On 25 May 2012, Lohmann & Rauscher purchased in a pharmacy in Düsseldorf a pack of ‘Debrisoft for debridement, STERILE, 10 x 10 cm, 5 pieces’ which Junek had previously imported from Austria. Before the sale to the pharmacy, that company had affixed on that box a label (‘the contested label’) featuring the following information: the company responsible for the importation, its address and telephone number, a barcode and a central pharmaceutical number. The label was applied neatly to an unprinted part of the box and did not conceal the mark of Lohmann & Rauscher.
The packaging of the product had been modified as illustrated below, with the contested label located on the bottom left (enlarged below):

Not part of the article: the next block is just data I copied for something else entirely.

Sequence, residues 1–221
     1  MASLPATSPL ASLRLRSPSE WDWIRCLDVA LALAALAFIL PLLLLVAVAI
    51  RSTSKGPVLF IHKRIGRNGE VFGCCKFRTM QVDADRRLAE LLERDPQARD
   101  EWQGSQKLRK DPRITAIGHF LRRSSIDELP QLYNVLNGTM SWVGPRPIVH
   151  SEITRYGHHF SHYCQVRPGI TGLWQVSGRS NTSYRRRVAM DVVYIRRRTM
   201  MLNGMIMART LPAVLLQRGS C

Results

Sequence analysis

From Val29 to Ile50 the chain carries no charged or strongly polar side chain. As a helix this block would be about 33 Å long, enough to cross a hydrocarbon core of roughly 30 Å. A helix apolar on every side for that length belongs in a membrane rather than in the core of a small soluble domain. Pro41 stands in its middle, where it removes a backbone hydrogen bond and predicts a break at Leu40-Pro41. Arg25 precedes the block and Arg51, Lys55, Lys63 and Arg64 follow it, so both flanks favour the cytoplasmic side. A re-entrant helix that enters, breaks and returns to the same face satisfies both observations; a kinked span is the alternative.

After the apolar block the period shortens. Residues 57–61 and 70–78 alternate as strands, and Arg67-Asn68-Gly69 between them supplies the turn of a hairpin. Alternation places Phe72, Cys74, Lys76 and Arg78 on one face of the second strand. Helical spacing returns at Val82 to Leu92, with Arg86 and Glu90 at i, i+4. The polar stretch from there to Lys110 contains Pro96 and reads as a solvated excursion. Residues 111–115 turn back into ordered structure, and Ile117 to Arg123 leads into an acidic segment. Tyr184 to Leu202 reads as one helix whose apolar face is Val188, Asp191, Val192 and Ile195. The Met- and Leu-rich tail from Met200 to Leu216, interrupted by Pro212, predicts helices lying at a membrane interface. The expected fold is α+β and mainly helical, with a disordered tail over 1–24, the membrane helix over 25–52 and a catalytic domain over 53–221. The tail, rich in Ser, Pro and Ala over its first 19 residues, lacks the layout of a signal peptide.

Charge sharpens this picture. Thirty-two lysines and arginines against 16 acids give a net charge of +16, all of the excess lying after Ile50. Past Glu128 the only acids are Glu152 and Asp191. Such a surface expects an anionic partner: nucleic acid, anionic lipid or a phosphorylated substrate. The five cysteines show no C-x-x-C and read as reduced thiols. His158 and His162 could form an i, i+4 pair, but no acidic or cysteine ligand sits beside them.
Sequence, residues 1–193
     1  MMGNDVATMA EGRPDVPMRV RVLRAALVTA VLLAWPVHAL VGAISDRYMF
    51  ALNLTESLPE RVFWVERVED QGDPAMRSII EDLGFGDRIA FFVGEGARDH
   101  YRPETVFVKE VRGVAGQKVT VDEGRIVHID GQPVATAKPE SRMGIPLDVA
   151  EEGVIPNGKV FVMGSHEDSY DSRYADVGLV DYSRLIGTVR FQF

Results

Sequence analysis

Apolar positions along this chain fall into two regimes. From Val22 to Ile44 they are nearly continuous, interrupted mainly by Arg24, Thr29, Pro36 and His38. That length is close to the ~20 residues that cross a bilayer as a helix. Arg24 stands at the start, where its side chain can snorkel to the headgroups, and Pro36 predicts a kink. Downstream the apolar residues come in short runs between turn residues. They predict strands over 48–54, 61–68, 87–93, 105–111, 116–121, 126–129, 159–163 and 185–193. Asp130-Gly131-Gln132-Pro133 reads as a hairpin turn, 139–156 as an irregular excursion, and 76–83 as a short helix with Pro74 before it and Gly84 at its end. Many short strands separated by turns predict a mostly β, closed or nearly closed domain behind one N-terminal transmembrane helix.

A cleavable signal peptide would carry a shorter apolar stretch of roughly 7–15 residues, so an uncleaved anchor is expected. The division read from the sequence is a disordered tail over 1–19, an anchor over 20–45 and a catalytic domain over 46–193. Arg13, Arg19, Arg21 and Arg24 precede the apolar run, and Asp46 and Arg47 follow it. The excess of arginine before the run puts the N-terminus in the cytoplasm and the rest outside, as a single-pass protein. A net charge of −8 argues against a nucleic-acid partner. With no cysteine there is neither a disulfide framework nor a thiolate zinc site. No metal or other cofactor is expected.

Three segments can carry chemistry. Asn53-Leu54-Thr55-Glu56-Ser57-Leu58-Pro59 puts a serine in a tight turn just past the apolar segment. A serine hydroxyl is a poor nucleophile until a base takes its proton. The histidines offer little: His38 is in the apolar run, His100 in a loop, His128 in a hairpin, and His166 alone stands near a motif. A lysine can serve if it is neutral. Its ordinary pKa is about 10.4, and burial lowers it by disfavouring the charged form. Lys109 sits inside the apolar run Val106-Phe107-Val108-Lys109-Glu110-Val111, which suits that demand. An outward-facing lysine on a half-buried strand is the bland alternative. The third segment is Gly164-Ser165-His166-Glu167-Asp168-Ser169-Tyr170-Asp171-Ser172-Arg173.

Lohmann & Rauscher lodged an action before the Landgericht Düsseldorf (Regional Court, Düsseldorf, Germany), seeking, in particular, to:
- prohibit, under threat of a penalty, Junek from using in the course of trade, without its agreement, that mark for the purpose of designating dressings for debridement; and
- order that company to recall, withdraw from the market and destroy the products concerned.
The Landgericht Düsseldorf upheld the claim.
The Oberlandesgericht Düsseldorf (Higher Regional Court, Düsseldorf, Germany) dismissed the appeal lodged by Junek against the judgment. Junek then lodged an appeal before the Bundesgerichtshof (Federal Court of Justice, Germany).
The court held that the repackaging of a pharmaceutical product by a third party without the permission of the proprietor gives rise to real risks for the guarantee of origin, and that affixing a new label to the packaging also constitutes repackaging.